Happy Birthday, Florence!
May 12th 2020 marks the 200th anniversary of the birth of Florence Nightingale. She became famous for taking a team of 38 nurses to the Barrack Hospital in Scutari, Turkey, where they tended to soldiers injured in the Crimean War.
Florence Nightingale and her nurses transformed the filthy, ill-equipped hospital, making sure it was clean and that the men were well cared for. She changed nursing from a largely untrained job into a highly skilled and respected profession. She is considered to be the founder of modern nursing.
Do You Know These Lesser Known Facts?
- Her parents named her Florence because she was born in Florence, Italy
- In 1850, whilst visiting Athens, she found an injured owl. She then nursed it back to health and took it home with her. She called the owl Athena. It was often sat on her shoulder or in her pocket.
- She loved cats. In her life time she is thought to have had 60 cats, including cats called Mr Bismarck, Gladstone and Disraeli.
- Jimmy the tortoise served as a ward pet for the soldiers in the Scutari Hospital
- By the time she returned home from the Crimea, Florence was famous. Not liking fuss, she sneaked back into the country under the name “Miss Smith”.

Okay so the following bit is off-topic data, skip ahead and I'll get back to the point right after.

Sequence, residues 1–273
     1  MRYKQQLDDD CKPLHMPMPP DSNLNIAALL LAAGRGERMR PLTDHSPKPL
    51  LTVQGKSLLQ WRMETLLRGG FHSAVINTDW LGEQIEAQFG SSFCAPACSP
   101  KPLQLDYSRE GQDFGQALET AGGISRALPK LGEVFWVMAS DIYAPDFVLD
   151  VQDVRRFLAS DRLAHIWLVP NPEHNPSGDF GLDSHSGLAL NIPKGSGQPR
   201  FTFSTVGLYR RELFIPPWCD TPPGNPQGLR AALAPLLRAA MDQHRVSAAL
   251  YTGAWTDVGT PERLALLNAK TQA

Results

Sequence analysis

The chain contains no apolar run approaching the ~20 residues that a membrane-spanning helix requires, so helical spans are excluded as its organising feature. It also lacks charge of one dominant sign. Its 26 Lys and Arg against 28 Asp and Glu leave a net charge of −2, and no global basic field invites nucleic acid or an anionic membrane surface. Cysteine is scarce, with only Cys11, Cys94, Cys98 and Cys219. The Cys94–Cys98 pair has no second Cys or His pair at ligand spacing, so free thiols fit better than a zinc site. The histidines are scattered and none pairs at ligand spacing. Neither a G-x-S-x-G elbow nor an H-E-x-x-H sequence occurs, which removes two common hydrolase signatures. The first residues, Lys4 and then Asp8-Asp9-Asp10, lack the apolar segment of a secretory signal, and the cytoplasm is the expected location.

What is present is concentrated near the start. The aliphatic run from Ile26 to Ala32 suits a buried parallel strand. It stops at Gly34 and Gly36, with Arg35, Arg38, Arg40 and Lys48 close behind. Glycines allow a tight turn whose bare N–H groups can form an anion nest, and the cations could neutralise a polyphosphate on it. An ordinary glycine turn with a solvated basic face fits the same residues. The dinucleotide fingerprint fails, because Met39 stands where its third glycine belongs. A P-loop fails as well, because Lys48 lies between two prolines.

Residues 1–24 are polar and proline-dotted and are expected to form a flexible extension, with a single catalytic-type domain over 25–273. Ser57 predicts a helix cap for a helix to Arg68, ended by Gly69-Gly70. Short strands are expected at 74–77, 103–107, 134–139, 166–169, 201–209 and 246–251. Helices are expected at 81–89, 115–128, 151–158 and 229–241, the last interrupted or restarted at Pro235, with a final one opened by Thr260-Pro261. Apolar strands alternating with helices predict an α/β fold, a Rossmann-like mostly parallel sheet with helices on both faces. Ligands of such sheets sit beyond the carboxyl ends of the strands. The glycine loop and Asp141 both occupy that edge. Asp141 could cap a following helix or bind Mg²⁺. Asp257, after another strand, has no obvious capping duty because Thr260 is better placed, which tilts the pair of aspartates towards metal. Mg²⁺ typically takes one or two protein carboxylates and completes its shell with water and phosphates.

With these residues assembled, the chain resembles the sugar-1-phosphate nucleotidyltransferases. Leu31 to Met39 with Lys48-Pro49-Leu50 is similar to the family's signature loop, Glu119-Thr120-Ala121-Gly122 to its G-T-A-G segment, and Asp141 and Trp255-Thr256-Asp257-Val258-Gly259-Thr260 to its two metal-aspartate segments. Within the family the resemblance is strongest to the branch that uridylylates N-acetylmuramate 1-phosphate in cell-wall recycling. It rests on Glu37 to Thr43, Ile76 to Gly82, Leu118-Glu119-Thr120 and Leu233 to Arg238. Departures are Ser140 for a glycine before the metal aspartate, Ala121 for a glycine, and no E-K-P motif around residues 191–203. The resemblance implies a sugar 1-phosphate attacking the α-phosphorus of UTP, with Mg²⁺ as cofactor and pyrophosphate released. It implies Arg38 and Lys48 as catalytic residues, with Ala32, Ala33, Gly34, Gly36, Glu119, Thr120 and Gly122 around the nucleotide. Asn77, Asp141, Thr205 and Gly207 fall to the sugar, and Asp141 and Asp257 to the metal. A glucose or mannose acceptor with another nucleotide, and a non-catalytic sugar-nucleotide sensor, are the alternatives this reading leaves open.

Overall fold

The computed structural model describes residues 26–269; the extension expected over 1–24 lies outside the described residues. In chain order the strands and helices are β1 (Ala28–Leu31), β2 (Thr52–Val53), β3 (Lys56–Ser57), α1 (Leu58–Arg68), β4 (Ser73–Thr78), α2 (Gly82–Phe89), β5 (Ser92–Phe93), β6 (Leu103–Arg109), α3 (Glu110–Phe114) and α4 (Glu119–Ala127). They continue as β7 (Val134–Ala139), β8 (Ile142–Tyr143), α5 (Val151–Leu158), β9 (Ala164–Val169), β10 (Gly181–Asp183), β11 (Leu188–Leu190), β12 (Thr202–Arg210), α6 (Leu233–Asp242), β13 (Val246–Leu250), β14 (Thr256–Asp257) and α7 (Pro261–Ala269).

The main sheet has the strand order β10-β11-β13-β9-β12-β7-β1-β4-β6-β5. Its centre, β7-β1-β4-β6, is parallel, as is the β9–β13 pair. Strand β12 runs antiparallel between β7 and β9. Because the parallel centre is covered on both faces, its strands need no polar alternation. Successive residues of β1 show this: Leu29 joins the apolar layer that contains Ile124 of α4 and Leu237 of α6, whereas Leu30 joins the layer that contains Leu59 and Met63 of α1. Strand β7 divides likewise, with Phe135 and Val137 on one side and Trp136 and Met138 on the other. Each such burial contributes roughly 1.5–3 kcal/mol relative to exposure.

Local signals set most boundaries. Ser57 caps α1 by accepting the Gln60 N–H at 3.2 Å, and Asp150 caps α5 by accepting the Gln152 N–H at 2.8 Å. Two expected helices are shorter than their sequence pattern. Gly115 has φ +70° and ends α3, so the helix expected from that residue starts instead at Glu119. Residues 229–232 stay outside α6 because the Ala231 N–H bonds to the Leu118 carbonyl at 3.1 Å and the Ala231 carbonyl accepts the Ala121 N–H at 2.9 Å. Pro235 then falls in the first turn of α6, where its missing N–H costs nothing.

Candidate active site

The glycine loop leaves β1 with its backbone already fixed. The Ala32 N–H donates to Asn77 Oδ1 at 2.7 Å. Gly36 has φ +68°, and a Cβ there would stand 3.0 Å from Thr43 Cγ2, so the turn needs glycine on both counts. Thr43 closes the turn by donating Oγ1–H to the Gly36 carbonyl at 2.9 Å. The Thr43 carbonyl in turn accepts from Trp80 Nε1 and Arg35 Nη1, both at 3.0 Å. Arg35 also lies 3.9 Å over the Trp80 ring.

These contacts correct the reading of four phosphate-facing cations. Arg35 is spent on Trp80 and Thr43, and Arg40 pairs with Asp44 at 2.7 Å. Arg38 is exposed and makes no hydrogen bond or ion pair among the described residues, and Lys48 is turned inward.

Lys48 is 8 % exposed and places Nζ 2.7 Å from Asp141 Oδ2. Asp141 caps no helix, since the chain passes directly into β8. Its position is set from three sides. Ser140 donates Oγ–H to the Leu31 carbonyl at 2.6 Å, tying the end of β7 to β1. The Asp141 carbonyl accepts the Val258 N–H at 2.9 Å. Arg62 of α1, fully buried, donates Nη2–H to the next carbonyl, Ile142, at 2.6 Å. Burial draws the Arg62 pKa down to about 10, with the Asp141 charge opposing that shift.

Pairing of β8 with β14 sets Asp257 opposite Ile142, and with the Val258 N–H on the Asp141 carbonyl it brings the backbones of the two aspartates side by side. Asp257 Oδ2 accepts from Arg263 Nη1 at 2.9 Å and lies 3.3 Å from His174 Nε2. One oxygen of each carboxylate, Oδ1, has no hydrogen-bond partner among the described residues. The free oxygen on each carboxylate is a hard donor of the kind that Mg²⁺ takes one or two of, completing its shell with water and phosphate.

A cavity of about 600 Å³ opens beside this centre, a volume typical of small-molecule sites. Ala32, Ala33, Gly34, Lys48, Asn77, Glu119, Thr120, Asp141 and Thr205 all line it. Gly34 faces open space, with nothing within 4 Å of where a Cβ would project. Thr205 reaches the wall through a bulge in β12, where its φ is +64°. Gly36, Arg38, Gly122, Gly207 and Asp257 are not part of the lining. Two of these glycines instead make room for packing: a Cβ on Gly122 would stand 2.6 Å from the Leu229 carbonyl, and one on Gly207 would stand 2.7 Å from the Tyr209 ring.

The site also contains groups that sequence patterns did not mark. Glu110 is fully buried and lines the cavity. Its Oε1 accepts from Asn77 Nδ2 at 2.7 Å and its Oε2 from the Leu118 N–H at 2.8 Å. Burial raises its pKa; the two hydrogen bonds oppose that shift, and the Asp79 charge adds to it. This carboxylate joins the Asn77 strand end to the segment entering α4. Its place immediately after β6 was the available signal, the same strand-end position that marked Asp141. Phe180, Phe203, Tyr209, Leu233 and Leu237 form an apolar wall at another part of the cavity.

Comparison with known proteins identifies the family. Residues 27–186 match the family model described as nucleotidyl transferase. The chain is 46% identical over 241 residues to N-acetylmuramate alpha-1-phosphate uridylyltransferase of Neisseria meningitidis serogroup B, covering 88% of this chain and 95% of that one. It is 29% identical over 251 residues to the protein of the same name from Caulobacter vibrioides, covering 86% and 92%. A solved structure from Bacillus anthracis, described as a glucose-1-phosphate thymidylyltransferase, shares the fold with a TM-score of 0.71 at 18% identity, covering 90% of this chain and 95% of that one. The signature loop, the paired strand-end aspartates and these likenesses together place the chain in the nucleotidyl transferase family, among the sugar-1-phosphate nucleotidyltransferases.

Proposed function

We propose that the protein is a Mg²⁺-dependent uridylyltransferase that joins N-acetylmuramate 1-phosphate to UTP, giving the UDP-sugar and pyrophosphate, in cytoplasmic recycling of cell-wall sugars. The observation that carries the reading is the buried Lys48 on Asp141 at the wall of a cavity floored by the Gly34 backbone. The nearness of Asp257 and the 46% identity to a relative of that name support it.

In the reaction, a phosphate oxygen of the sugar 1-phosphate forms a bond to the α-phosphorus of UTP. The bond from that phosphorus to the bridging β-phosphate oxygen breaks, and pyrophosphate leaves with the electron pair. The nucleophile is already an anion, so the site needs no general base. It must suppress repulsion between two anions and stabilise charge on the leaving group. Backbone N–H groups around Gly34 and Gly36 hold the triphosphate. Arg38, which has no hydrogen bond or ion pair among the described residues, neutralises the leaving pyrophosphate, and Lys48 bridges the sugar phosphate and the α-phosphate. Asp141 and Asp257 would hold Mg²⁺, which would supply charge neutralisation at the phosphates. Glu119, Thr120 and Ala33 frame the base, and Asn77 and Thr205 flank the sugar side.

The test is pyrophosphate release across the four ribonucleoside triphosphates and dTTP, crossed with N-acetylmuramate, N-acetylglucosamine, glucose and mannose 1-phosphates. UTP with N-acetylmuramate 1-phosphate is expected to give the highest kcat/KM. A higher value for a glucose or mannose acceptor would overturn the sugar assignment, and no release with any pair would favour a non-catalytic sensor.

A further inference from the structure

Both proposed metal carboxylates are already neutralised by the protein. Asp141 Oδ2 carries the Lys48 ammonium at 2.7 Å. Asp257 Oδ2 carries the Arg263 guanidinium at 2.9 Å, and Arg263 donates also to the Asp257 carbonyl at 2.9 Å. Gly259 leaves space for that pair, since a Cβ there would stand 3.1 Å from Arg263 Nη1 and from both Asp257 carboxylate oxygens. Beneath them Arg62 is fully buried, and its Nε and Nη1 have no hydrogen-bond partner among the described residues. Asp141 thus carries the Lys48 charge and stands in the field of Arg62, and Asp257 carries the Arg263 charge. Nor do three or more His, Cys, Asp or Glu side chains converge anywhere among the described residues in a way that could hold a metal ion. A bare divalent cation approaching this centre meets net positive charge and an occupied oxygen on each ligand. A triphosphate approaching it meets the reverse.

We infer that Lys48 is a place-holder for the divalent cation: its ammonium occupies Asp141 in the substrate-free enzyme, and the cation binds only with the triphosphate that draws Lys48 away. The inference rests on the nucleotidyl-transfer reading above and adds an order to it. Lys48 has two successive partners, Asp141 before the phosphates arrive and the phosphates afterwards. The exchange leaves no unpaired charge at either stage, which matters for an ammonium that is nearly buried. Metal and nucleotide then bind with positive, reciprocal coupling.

- She received many gifts in recognition of her great work. The gifts included a diamond bracelet from the Sultan of Turkey and a brooch from Queen Victoria and Prince Albert, which had been designed by the Prince.
- She was the first woman in the world to be awarded the Order of Merit. This is an honour given by the monarch to people who have done amazing work in the armed forces, science, art or literature.
- When she died, the government wanted to bury her in Westminster Abbey, but Florence Nightingale did not like fuss. She was buried according to her wishes in her family’s cemetery plot at St Margaret’s Church, East Wellow in Hampshire.
- The world celebrates her birthday as International Nurses Day.
Hear Florence’s Voice
She may have been born 200 years ago, but Florence lived long enough that the first recordings were beginning to be made. The Florence Nightingale Museum in London has made a rare, nearly 130-year-old recording available on its website. You can hear the 70-year-old Florence’s own voice!